The function hexmac Translates the bytes object that is in bytemac is handed over to a practical string in which the Hexadecimal Coded byte values ​​are separated with a "-".

def hexmac(bytemac):
   MacString =""
   for I in range(0,len(bytemac)):    
       MacString += hex(bytemac[0])[2:].upper()
       IF I <len(bytemac)-1 :          
           MacString +="-"
   return MacString

This terminal statement for the first byte of the MAC address shows exactly what is going on. I call the Mac-bytes string, spend it out and then form the first-byte step by step into the double-digit hexadecimal notation.

>>> bytemac=nic.config('Mac') 
>>> bytemac
B '\ XEC \ XFA \ XBCN \ XF7 \ X08'
>>> len(bytemac)
>>> bytemac[0]
>>> hex(bytemac[0])
>>> hex(bytemac[0])[2:]
>>> hex(bytemac[0])[2:].upper()

Only one transmission order is issued here, but there could also be several instructions that are to be implemented in this context. Therefore, a separate function was defined for this.

def transmit(CMD,Val):

With the help of the function Time-out() I create a non-blocking software timer for interval control. To do this, I hand over the time duration to milliseconds. In the local variable begin the current time is stored in milliseconds. Timeout gives a reference to the locally defined function instead of a numerical value compare() return. compare() is a so-called Closure And that causes the variable begins And the parameter T Even after leaving the surrounding function Time-out() until further calls from compare() remain. You can see the application below. Usually, locally generated objects are stamped after leaving the function, but not so with a closure.

def Time-out(T):
   def compare():
       return intimately(Ticks_MS()-begin) >= T
   return compare

The next program section is a little more extensive. He sets up the connection to the Access point in Serverinity. The comments are very extensive and the command lines speak for themselves. Therefore I represent the sequence without further explanation.

# *****************
# Establish the WLAN connection to the Nikon remote AP
# Be sure to turn off your own AP interface
nac=network.WIRELESS INTERNET ACCESS(network.Ap_if)

# We create a network station interface instance
nic = network.WIRELESS INTERNET ACCESS(network.Sta_if)
# and first deactivate

# We announce the Mac address of the Accesspointe
Mac = nic.config('Mac')  
print("Client ID",myid)

# We activate the network interface

# Structure of the connection
# We set a static IP address

# Register on the WLAN router
nic.connect(myssid, mypass)  
IF need nic.Isconnected():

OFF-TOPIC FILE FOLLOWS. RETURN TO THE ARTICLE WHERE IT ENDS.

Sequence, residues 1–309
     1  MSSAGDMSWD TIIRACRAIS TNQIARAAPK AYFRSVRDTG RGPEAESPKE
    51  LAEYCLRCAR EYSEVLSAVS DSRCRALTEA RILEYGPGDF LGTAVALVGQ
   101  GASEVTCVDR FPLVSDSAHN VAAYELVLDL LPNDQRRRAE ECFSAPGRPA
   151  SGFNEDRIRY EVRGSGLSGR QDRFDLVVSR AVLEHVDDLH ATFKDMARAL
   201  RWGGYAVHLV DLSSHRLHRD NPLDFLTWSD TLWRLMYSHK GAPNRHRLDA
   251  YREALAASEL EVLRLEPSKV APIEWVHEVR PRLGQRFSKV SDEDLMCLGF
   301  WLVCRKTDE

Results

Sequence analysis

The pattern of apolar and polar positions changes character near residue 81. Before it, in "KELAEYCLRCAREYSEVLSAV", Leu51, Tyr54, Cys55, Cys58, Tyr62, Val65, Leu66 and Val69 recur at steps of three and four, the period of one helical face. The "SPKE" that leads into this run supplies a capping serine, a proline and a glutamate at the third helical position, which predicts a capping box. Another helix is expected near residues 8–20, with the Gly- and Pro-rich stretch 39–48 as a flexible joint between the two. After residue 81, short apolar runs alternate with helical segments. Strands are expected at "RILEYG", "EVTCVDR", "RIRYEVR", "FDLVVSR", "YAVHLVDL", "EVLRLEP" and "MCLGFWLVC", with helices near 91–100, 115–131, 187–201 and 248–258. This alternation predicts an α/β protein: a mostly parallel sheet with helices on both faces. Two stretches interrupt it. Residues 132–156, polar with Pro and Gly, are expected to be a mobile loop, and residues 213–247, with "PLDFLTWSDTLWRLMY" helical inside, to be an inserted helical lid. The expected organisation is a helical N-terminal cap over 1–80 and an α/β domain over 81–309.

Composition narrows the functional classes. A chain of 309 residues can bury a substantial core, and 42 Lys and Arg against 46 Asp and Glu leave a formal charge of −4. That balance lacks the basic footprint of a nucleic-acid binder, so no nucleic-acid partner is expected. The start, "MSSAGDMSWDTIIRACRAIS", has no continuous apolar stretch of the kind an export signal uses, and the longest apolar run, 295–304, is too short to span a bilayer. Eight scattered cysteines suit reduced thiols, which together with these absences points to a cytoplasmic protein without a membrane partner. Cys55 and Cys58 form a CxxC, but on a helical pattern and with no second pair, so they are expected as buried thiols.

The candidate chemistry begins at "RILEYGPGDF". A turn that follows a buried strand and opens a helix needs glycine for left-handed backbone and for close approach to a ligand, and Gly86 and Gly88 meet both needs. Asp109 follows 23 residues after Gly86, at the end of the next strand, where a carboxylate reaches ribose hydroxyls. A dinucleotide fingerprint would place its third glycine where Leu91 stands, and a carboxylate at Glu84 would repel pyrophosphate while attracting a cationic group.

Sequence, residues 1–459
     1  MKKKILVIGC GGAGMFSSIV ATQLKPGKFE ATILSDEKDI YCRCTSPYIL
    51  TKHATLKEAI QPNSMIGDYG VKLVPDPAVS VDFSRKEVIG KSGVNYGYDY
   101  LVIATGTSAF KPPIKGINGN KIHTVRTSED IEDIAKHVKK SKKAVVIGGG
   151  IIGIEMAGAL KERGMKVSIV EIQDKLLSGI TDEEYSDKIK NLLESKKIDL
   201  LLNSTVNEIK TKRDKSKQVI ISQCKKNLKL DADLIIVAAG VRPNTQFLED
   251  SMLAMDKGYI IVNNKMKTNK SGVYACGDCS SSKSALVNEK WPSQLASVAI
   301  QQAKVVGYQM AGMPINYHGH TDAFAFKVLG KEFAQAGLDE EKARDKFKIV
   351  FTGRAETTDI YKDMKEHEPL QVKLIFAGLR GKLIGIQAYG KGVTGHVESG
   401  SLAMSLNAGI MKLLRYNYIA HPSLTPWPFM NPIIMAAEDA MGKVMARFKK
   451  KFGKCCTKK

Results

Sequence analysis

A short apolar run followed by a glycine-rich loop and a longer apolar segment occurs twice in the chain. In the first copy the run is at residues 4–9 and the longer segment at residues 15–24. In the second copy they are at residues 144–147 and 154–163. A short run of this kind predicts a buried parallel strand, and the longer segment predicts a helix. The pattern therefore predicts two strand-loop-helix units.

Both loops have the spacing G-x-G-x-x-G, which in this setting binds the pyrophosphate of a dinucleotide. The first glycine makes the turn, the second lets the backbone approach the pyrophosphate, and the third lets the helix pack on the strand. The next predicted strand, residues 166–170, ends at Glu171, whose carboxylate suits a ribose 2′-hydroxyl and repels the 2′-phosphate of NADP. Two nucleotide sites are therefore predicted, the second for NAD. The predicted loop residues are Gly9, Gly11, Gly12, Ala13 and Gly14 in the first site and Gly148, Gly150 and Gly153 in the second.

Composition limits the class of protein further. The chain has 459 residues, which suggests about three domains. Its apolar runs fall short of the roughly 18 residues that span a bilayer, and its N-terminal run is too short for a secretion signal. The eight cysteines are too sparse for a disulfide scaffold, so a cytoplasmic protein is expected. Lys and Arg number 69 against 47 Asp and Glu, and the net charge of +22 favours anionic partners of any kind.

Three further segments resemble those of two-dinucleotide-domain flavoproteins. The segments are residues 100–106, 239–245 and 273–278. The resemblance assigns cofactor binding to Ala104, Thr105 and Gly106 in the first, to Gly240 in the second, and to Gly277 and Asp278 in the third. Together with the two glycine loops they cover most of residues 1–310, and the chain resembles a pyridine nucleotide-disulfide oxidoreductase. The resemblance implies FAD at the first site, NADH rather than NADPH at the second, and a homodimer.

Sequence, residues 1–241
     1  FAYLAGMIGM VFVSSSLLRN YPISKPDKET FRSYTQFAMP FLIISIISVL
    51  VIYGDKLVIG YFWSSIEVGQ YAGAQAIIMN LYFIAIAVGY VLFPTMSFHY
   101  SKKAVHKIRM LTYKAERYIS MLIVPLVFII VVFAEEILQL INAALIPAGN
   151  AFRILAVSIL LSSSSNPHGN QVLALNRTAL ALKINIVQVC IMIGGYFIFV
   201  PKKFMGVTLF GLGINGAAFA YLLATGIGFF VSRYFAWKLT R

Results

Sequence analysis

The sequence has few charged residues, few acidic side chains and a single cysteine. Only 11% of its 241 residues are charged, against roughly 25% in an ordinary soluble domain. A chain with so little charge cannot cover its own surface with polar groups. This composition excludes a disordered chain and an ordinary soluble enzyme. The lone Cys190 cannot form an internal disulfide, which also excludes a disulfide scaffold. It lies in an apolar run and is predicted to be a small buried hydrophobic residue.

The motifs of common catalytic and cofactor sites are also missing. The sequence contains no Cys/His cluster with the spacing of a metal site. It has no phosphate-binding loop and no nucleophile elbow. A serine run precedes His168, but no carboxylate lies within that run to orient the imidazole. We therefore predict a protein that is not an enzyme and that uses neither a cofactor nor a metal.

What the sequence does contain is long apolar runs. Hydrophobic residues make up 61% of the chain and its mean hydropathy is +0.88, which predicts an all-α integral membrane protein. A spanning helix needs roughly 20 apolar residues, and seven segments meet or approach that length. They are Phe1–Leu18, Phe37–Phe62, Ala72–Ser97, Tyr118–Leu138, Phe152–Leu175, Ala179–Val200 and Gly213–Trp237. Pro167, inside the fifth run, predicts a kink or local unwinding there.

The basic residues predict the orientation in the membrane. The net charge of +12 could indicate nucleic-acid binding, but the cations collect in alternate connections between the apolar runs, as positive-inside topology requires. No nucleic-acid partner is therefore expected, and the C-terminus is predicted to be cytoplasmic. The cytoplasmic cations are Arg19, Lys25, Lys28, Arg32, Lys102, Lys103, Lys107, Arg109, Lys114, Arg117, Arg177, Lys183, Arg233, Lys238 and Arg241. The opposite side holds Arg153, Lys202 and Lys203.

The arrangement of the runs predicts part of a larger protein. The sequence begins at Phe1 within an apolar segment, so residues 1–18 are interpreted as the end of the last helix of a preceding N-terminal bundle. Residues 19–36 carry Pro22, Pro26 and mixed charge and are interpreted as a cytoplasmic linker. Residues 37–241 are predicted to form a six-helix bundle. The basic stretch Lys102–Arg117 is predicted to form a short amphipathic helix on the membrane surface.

# Wait until the connection to the Accesspoint is
   while need nic.Isconnected() and n < nmax:

# If connected, show connection status & config data
print("\ nanation status:",connect status[nic.status()])
IF nic.Isconnected():
   # Was the configuration successful? control
   Staconf = nic.ifconfig()
   print("Sta-IP: \ t \ t",Staconf[0],"\ nsta-netmask: \ t",\
         Staconf[1],"\ nsta-gateway: \ t",Staconf[2] ,sep='')
   D.writer("Singing on:",0,0,False)
   print("No ap found")
   D.writer("No Accesspoint",0,0,False)
   while 1:

The next 6 lines set up the communication interface, the UDP socket. We use the IPV4 family (Af.inet) based on Datagramen (sock.dgram), which just corresponds to the UDP protocol. Especially during development, the program has to be restarted. So that a cold start with reset must then take place before restarting the sock, we explain to the system that the previous socket settings should be reused (So.RuseADDR). We bind the interface to the IP address issued above and the in myport specified port number. A timeout of 50ms for the reception loop ensures that it does not block the main loop so that other actions can be carried out. In target Let us define the UDP server's sock address with the IR unit.

# *****************
S = socket.socket(socket.Af_inet, socket.Sock_dgram)
S.binding(('', myport))
print("Singing on Port",myport)

Then I have the display deleted and output the start report. The position of the angle code is set as a start value. We already declare the function in advance Clear () above Time-out(), so that the reference is known when we have the function called in the main loop. wipe is an auxiliary variable that in cooperation Clear () the feedback from the server in the display deletes.

D.writer("Nikon remote",2,0,False)
D.writer("Press button",2,4,False)
D.writer("To expose!",4,5)

index and = r.value()

Then we enter the main loop.

while True:
   index = r.value()